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ENTREPRENEUR PROFILES

5.14.99  
Can This Software Builder Make It in the "New Web World"?
Andover Tech got on the Net and created a new business model

In the mid-'90s, Bruce Twickler, the president of Andover Advanced Technologies Inc., a multimedia software publisher in Acton, Mass., saw the Internet coming, like a giant tidal wave. He figured he had better ride with it or be wiped out entirely.

The problem? Multimedia software publishers were starting to distribute software samples over the Net, and some specialty software retailers were closing their stores entirely. Hoping to sell and promote its graphics-intensive software online, Andover first launched a Web site called DaveCentral.com, a virtual buffet of shareware for visitors to download and sample. DaveCentral lured thousands of techies a day and helped sell some of the company's own licensed products.

But the real payoff came in late 1996, when it dawned on Andover that advertisers would actually pay to reach the tech-savvy professionals who visited its Web site. Andover jettisoned its licensed software products and reinvented itself as an Internet publisher aiming at information technology professionals. "I was disappointed that the Internet so completely changed the software business," concedes Twickler. "But we picked up the challenge and opportunities of the new Web world."

Twickler and his seven employees used their sales, marketing, and technical experience in software publishing to create a site that people would come back to time and again. They replaced a contract sales force with independent publishers' reps, and by the end of April, 1997, they had attracted 20 online advertisers. Then, the company launched Andover.Net, which offers visitors a variety of E-tools, shareware, and news pages -- plus, of course, DaveCentral. It also dishes up free online goodies, such as an animation program and a Web-page builder that you use while logged onto the Internet. Andover's advertisers include Compaq, Gateway, Silicon Graphics, and Sun Microsystems.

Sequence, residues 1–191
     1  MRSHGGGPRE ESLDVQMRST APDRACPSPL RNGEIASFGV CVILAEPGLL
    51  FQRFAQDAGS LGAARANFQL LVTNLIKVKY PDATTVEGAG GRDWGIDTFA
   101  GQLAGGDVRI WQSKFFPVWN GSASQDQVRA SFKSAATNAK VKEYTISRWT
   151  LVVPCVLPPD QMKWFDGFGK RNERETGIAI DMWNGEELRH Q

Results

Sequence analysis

This month, the company will move from its 2,500-square-foot offices in an old house with crystal chandeliers to a space five times that size in a nearby office park. They've staffed up to 34 employees -- and are still hiring.

Although Andover lost nearly $445,000 last year on total sales of $1.4 million, the company's investors haven't flinched. Venture capitalists have injected $4.8 million to support the company's growth in three rounds of financing.

There are no guarantees, of course, that this reinvented business can make it, but trying is half the fun for Twickler -- who's on his sixth business. Like many an Internet hopeful, Twickler's aiming for the brass ring -- an eventual initial public offering. Only one thing is for sure in this fast-mutating business: There's no turning back.

By Greg Sandler in Northampton, Mass.

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